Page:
The most award winning
healthcare information source.
TRUSTED FOR FOUR DECADES.
Put patients in private rooms, neg pressure for aerosols
CDC interim H1N1 infection control guidelines
As this issue went to press, interim infection control recommendations by the Centers for Disease Control and Prevention for H1N1 influenza A included the following:
• Patient placement and transport
Patients who have a confirmed, probable, or suspected case of novel H1N1 should be placed directly into individual rooms and the door should be kept closed. For procedures that are likely to generate aerosols (e.g., bronchoscopy, elective intubation, suctioning, administering nebulized medications), an airborne infection isolation room (AIIR) with negative-pressure air handling with six to 12 air changes per hour can be used. Air can be exhausted directly outside or be recirculated after filtration by a high-efficiency particulate air (HEPA) filter. Facilities should monitor and document the proper negative-pressure function of AIIRs, including those in operating rooms, intensive care units, emergency departments, and procedure rooms. Facilities should also ensure that plans are in place to communicate information about suspected cases that are transferred to other departments in the facility (e.g., radiology, laboratory) and other facilities. The patient should wear a surgical mask to contain secretions when outside of the patient room and should be encouraged to perform hand hygiene frequently and follow respiratory hygiene/cough etiquette practices.
• Isolation measures
Healthcare personnel entering the room of a patient in isolation should be limited to those performing direct patient care. All healthcare personnel who enter the patient's room should take standard and contact precautions. Eye protection should be used for all patient care activities for patients being evaluated or in isolation for novel H1N1. Maintain adherence to hand hygiene by washing with soap and water or using alcohol-based hand sanitizer immediately after removing gloves and other equipment and after any contact with respiratory secretions. Nonsterile gloves and gowns along with eye protection should be donned when entering a patient's room.
All healthcare personnel who enter the rooms of patients in isolation with confirmed, suspected, or probable novel H1N1 influenza should wear a fit-tested disposable N95 respirator or equivalent (e.g., powered air purifying respirator). Respiratory protection should be donned when entering a patient's room. Note that this recommendation differs from current infection control guidance for seasonal influenza, which recommends that healthcare personnel wear surgical masks for patient care. The rationale for the use of respiratory protection is that a more conservative approach is needed until more is known about the specific transmission characteristics of this new virus.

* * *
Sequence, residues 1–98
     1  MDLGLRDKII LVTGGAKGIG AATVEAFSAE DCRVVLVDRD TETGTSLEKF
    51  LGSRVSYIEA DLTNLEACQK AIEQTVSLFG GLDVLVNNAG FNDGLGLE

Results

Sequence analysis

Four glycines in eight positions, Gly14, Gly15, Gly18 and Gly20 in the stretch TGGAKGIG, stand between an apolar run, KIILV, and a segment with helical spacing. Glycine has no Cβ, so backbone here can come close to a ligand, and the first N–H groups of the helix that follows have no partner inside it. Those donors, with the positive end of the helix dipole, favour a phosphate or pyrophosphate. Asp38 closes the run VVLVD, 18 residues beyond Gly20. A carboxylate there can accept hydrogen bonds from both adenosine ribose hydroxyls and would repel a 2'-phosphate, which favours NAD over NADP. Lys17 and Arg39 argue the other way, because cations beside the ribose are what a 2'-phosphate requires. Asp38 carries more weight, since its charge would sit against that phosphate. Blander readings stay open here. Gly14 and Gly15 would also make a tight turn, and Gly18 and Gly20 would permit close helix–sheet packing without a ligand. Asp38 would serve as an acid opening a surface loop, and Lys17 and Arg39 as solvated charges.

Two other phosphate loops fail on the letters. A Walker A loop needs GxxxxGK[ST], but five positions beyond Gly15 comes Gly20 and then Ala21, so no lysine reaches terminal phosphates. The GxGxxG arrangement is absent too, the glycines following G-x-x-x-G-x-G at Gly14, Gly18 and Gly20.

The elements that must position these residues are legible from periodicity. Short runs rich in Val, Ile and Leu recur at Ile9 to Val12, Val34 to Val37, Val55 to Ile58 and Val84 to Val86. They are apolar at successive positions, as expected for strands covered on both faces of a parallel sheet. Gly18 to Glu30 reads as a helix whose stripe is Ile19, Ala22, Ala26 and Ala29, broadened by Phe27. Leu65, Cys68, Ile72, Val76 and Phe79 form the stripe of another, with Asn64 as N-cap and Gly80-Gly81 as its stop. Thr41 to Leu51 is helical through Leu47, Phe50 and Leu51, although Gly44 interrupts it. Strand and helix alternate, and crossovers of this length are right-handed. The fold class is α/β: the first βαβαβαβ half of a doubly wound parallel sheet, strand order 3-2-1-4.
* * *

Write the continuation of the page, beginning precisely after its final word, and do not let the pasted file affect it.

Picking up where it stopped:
• Management of visitors
Limit visitors for patients in isolation for novel H1N1 infection to persons who are necessary for the patient's emotional well-being and care. Visitors who have been in contact with the patient before and during hospitalization are a possible source of novel H1N1. Therefore, schedule and control visits to allow for appropriate screening for acute respiratory illness before entering the hospital and appropriate instruction on use of personal protective equipment and other precautions (e.g., hand hygiene, limiting surfaces touched) while in the patient's room. Visitors should be instructed to limit their movement within the facility. Visitors may be offered a gown, gloves, eye protection, and respiratory protection (i.e., N95 respirator) and should be instructed by healthcare personnel on their use before entering the patient's room.
• Duration of precautions
Isolation precautions should be continued for 7 days from symptom onset or until the resolution of symptoms, whichever is longer. Persons with novel H1N1 virus infection should be considered potentially contagious from one day before to 7 days following illness onset. Persons who continue to be ill longer than 7 days after illness onset should be considered potentially contagious until symptoms have resolved. Children, especially younger children, might be contagious for longer periods.
(Editor's note: For the full CDC guidelines, go to: http://www.cdc.gov/h1n1flu/index.htm.)